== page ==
Possums along with kangaroos and koalas are iconic Australian fauna.  Another Aussie icon, Dame Edna Everage, fondly used the term “Hello possums!” in her stage and TV shows.

Australians have always lived alongside these small nocturnal marsupials benefiting from their silky smooth fur and leather. In 1837 possums were introduced into New Zealand to establish a fur trade. Unfortunately, with no predators and plenty of edible vegetation, possums have become such a problem in New Zealand that The National Possum Control Agencies was created in the early 1990s to control the problem.



The common brushtail possum is a nocturnal, semi-arboreal marsupial of the family Phalangeridae, it is native to Australia, and the second largest of the possums.

Like most possums, the common brushtail possum is nocturnal. It is mainly a folivore, but has been known to eat small mammals such as rats. In most Australian habitats, leaves of eucalyptus are a significant part of the diet but rarely the sole item eaten. The tail is prehensile and naked on its lower underside. There are four colour variations: silver-grey, brown, black, and gold.

It is the Australian marsupial most often seen by city-dwellers, as it is one of few that thrives in cities, as well as a wide range of natural and human-modified environments. Around human habitations, common brushtails are inventive and determined foragers with a liking for fruit trees, vegetable gardens, and kitchen raids.


The possum has large and pointed ears. It has a bushy tail (hence its name) that is adapted to grasping branches, prehensile at the end with a hairless ventral patch. Its forefeet have sharp claws and the first toe of each hind foot is clawless but has a strong grasp. The possum grooms itself with the third and fourth toes which are fused together. It has a thick and woolly pelage that varies in colour depending on the subspecies. Colour patterns tend to be silver-gray, brown, black, red or cream. The ventral areas are typically lighter and the tail is usually brown or black. The muzzle is marked with dark patches.

The common brushtail possum has a head and body length of 32–58 cm with a tail length of 24–40 cm. It weighs 1.2-4.5 kg. Males are generally larger than females. In addition, the coat of the male tends to be reddish at the shoulders. As with most marsupials, the female brushtail possum has a forward-opening, well-developed pouch. The chest of both sexes has a scent gland that emits a reddish secretion which stains that fur around it. It marks its territory with these secretions.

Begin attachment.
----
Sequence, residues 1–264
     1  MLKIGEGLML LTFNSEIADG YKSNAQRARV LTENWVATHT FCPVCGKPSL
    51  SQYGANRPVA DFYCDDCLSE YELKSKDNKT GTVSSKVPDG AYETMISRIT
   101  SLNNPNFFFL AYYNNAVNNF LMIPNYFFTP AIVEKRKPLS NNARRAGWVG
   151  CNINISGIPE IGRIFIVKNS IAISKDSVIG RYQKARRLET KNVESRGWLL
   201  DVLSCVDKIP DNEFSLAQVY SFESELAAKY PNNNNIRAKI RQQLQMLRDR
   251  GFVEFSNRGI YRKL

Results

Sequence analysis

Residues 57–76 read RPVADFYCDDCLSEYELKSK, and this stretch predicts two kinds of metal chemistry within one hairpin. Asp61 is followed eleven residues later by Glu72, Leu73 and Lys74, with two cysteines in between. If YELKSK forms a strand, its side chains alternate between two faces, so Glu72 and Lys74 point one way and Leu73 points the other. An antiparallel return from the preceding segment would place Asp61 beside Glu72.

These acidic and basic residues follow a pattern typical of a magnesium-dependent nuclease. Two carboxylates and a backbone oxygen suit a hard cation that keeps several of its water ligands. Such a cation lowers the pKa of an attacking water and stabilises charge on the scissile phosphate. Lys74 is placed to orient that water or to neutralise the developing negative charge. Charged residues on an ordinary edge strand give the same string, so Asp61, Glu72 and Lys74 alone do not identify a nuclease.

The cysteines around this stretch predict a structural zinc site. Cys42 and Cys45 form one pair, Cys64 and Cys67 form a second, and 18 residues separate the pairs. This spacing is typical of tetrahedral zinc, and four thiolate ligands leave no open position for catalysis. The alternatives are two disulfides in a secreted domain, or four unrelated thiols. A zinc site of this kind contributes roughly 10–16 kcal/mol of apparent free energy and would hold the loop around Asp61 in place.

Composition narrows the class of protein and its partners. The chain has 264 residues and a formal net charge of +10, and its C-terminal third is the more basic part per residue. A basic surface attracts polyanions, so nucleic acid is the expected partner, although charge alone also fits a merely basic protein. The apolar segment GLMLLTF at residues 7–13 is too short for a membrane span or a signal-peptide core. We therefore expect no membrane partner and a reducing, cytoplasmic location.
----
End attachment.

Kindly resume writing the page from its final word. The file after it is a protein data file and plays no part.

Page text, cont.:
Possum population control

Despite natural possum population control in Australia (feral animals, dingoes, bush fires and less abundant vegetation), Common Ringtail Possums can be found all along the East of Australia and SW Western Australia, and Common Brushtail Possums flourish throughout mainland Australia, Tasmania and Kangaroo Island.

While legislative possum control is permitted in Tasmania to protect crops and for commercial trade in meat and skins, strict regulations govern moving and trapping possums in the rest of the country.

So, for many Australians these days, possums are not simply cute, furry creatures seen ambling across overhead branches at dusk, but also frustratingly destructive pests which have moved into our backyards, homes and sheds to eat our prized garden produce and leave our verandas smelling from their urination and droppings.


Fact 1:  Diet

Possums are mainly herbivores (plant eaters), favouring eucalyptus and other leaves, ferns, buds, flowers and fruits.  Brushtail Possums are known to be tolerant of many plant toxins and will eat trees that other animals find poisonous.  Possums will also eat insects, moths, grubs snails, birds’ eggs and babies.  They particularly like young new plant shoots and unfortunately are drawn to domestic gardens.  Here they will eat everything from roses to rock melons, camellias to carrots, magnolias to mangoes, wisteria to wattle, and can decimate a veggie garden in no time.

Other food which we may grow for ourselves that possums love includes:

Fruits: Apples, pears, grapes and bananas.
Vegetables: corn, lettuce, tomatoes, cucumbers and broccoli
Native species: Many of the Acacia and Wattle species, and also many Eucalypts.

Fact 2: Defence from enemies

Possums are territorial and will urinate on their area and rub oil from glands on their chest, chin and anus to mark it as theirs.  They are generally shy and not aggressive and will often stare at each other with erect ears to defend their territory.

The common Brushtail Possum often has a red-brown stain on its chest fur from a scent gland which it uses to mark its territory.

Brushtail possums have a range of vocalizations such as clicks, hisses, grunts and coughs, chattering and screeching.  Ringtail Possums will secrete a strong smelling liquid from their anal glands if handled. If they are trapped however, possums will defend themselves.

Fact 3: Habitat